Review: Jane Levy Stands Out in Uneven POTUS at the Geffen Playhouse

Selina Fillinger’s farce comes to the West Coast in a new production.

21 potus celeste den ito aghayere shannon cochran jane levy and deirdre lovejoy
Celeste Den, Ito Aghayere, Shannon Cochran, Jane Levy, and Deirdre Lovejoy in the Geffen Playhouse production of POTUS
(© Jeff Lorch)

POTUS: Or, Behind Every Great Dumbass Are Seven Women Trying to Keep Him Alive contains all the elements of farce: slamming doors, overheard conversations, accidents, and Chekhovian guns — both literal and figurative. While some moments of this 2022 comedy, now at the Geffen Playhouse, are inspired, they quite often fizzle as the mania bounces around the theater, landing without impact.

The comedy by Selina Fillinger mocks the chaos of a White House where its leader is a misogynistic, cruel, promiscuous buffoon who only thrives because of the women in the background who hold him up. Though we never meet the title character, the staff and assorted visitors are as volatile as the President. The Chief of Staff (Shannon Cochran) has hitched her talents to this Neanderthal and sees her future career spinning down the drain. The Press Secretary (Celeste Den) finds excusing her boss’s unconscionable behavior to the vicious press painful. The President’s secretary (Lauren Blumenfeld) has no confidence, despite practicing empowerment by listening to a “Bitch Boss” music playlist.

Meanwhile, the First Lady (Alexandra Billings) abhors her husband, and though strong and confident, feels she can only convey being an earthly, woman-of-the-people by wearing Crocs with her cocktail dress. A desperate journalist (Ito Aghayere) scoops a juicy story until she accidentally becomes the story. A flighty young woman (Jane Levy) brings joyous news the White House, although it’s not a joy to any of the other characters. And another uninvited guest (Deirdre Lovejoy) supplies the TNT that blows everything up.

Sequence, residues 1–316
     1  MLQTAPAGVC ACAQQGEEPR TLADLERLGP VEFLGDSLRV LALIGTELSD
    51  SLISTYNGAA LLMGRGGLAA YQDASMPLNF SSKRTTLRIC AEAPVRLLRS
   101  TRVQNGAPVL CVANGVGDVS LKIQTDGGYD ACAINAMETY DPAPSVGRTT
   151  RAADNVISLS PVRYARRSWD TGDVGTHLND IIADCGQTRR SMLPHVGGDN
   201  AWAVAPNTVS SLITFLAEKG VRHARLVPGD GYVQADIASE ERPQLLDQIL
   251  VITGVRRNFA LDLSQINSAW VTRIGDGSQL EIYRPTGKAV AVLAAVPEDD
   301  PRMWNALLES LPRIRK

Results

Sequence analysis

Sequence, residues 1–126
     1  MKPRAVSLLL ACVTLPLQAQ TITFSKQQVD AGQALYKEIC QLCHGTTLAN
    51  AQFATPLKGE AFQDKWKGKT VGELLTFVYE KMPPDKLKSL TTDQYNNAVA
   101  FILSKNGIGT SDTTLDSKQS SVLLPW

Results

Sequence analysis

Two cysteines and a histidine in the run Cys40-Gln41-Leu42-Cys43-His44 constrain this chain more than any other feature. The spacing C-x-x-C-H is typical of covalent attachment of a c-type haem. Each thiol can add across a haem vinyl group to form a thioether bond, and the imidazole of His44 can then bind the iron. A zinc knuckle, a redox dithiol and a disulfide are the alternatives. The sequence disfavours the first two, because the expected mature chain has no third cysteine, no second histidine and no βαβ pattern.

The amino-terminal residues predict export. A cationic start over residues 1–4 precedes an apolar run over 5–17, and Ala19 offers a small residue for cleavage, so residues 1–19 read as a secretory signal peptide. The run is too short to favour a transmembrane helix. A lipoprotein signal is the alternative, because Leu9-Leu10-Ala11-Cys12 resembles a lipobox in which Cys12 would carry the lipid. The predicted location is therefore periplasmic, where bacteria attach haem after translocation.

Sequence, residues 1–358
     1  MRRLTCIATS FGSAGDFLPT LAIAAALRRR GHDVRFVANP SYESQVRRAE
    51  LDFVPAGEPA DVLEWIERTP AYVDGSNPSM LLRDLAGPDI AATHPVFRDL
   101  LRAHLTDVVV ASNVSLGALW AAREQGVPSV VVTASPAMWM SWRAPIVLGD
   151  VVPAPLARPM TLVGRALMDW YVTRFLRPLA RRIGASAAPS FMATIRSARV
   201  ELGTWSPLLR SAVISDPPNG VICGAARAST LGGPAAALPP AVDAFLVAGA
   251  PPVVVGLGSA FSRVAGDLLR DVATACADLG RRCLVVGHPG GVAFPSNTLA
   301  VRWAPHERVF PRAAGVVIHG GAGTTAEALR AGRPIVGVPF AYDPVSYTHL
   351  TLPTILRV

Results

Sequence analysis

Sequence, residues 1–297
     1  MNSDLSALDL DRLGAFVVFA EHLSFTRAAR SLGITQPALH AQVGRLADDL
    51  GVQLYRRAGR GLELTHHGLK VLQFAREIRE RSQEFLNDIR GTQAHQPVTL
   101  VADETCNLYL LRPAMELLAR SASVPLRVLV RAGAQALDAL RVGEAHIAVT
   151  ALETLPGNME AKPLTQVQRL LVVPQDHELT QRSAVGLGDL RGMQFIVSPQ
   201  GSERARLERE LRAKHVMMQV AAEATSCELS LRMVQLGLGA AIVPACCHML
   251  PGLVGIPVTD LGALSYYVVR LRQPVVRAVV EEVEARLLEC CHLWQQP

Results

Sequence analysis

Much of the dialogue is literate and witty, and Fillinger has a good sense of building suspense. Yet that tension peters out when there’s no punchline to the hijinks — even the first word of the play, a four-letter word repeated over and over, has lost its sting, particularly when it’s spelled out in every episode of RuPaul’s Drag Race. Filling the roles with women is a great reverse of the usual male-heavy West Wing personnel and Fillinger allows the ladies to be as flawed as their male counterparts. Regardless of gender, none of the characters get off easy.

Director Jennifer Chambers allows too much spontaneity in the heightened scenes, so the mousetrap of required physical comedy doesn’t land. This is most evident in a second act “ballet” of characters running through the audience that should have been choreographed to the second, but instead feels slapshot. At least the cast is uniformly strong, despite them all communicating that they’re in a farce in bold letters. The stand-out is Jane Levy, as the sexually confident, quick-thinking Dusty. Dizzy, but crazy like a fox, her Dusty becomes the moral center in an insane world. Aghayere, using the physical humor of two breast pumps, is hilarious as the mom-on-the-job who gets in over her head. Billings exudes control as the demanding First Lady, enunciating every word like they are bullets exploding out of a musket.

The set, by Brett J. Banakis, utilizes multiple rotating plates so the walls can form different rooms – such as hallways, offices, and the ladies’ restroom,  easily and quickly. The design is appropriately regal.  Samantha C. Jones’s costumes feature classy suits, appropriate for the setting.

As the United States skids down into what plans to be a farcically unfunny election cycle this year, an explosive comedy about the White House could be the tonic we need. POTUS: Or, Behind Every Great Dumbass Are Seven Women Trying to Keep Him Alive, as staged at the Geffen, doesn’t have the weight to satisfy.